Hampton Severe Watches & Warnings NOAA Weather Radio

Heat Advisory
Statement as of 3:13 PM EDT on August 23, 2014

...Heat advisory remains in effect until 8 PM EDT this evening...

* locations...all of southeast South Carolina and southeast Georgia.

* Heat index values...up to around 110 degrees due to a combination of high temperatures ranging from the mid 90s along the immediate coast to around 100 inland and moderate levels of humidity.

* Impacts...the combined effects of heat and humidity could lead to heat illnesses if proper precautions are not taken.

Precautionary/preparedness actions...

If you must be outdoors...drink plenty of fluids...wear light weight clothing and stay out of direct sunshine. In addition... know the signs of heat illnesses and be sure to check on those who are most susceptible to the heat such as Young children and the elderly. Never leave children and pets in a vehicle... especially with the windows rolled up since temperatures can be much higher inside the vehicle.

To reduce risk during outdoor work...the occupational safety and health administration recommends scheduling frequent rest breaks in shaded or air conditioned environments. Anyone overcome by heat should be moved to a cool and shaded location. Heat stroke is an emergency - call 9 1 1.

Record Report
Statement as of 1:45 am EDT on August 23, 2014

...Record high minimum temperature tied at North Charleston SC...

A record high minimum temperature of 79 degrees was tied at North Charleston yesterday...August 22. The old record was set in 1983.

Public Information Statement
Statement as of 10:21 am EDT on August 23, 2014

...Heat safety tips...

Oppressive heat and humidity is expected across much of the region today.

Now is a good time to review some safety information on excessive heat. This information is provided by the American Red Cross and the National Weather Service.

Excessive heat and humidity will make for dangerous conditions if proper precautions are not taken.

If working outside...take frequent breaks and drink enough water to remain hydrated.

Wear lightweight...light colored clothing..a hat and use an umbrella.

Avoid alcohol and caffeine which dehydrate the body. Avoid using salt tablets unless directed to do so by a physician.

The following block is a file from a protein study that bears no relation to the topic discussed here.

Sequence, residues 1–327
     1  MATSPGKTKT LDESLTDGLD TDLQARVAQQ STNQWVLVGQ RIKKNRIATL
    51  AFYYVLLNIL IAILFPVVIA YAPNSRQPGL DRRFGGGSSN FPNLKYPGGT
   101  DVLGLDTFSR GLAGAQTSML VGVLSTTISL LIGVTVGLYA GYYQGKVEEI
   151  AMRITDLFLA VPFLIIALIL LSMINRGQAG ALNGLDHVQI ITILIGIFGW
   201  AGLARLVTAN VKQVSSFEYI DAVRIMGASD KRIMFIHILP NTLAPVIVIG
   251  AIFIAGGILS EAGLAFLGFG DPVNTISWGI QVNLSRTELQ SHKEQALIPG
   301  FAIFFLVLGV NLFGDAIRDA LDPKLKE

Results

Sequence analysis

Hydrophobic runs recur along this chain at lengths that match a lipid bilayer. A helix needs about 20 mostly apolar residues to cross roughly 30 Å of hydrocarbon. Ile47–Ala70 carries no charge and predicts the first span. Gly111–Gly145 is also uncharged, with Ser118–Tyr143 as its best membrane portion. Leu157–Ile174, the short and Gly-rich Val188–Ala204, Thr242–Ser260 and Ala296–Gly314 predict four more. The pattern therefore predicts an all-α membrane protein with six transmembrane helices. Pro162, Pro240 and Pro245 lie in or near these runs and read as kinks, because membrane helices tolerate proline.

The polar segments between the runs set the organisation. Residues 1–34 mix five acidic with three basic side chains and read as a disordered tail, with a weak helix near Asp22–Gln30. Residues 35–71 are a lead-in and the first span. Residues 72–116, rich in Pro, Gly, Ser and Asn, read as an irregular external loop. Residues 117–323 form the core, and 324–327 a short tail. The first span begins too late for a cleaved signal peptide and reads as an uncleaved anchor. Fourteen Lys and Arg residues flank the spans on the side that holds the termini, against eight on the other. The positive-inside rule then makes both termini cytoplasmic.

Eat small meals and eat more often. Avoid high protein foods which increase metabolic heat.

Slow down. Avoid strenuous activity. If you must do strenuous work...do it between 4 and 7 am.

Stay indoors when possible. If air conditioning is not available...stay on the lowest floor out of sunshine. Electric fans do not cool...they simply circulate air.

Check on elderly residents in your neighborhood and those who do not have air conditioning.

Never leave a child in a car...even for a few minutes.

Ensure pets have adequate fresh drinking water and a shady place to rest. Do not keep pets in cars with the windows rolled up...even partially. Temperatures inside cars can reach well over 150 degrees.

Know the signs of heat cramps...heat exhaustion and heat stroke.

Heat cramps... heat cramps are muscular pains and spasms due to heavy exertion. Although heat cramps are the least severe...they are an early signal that the body is having trouble with the heat.

Heat exhaustion... heat exhaustion typically occurs when people exercise heavily or work in a hot...humid place where bodily fluids are lost through heavy sweating. This results in a form of mild shock. If not treated...the victim may suffer heat stroke. Signals of heat exhaustion include cool...moist...pale flushed or red skin. Heavy sweating. Headache. Nausea or vomiting. Dizziness and exhaustion. Body temperature will be near normal.

Heat stroke... also known as sunstroke and is life threatening. The victims temperature control system...which produced sweat to cool the body...stops working. The body temperature can rise so high that brain damage and death may result if the body is not cooled quickly. Signals include hot...red and dry skin. Changes in consciousness. Rapid...weak pulse and rapid...shallow breathing. Body temperature can be very high...sometimes as high as 105 degrees.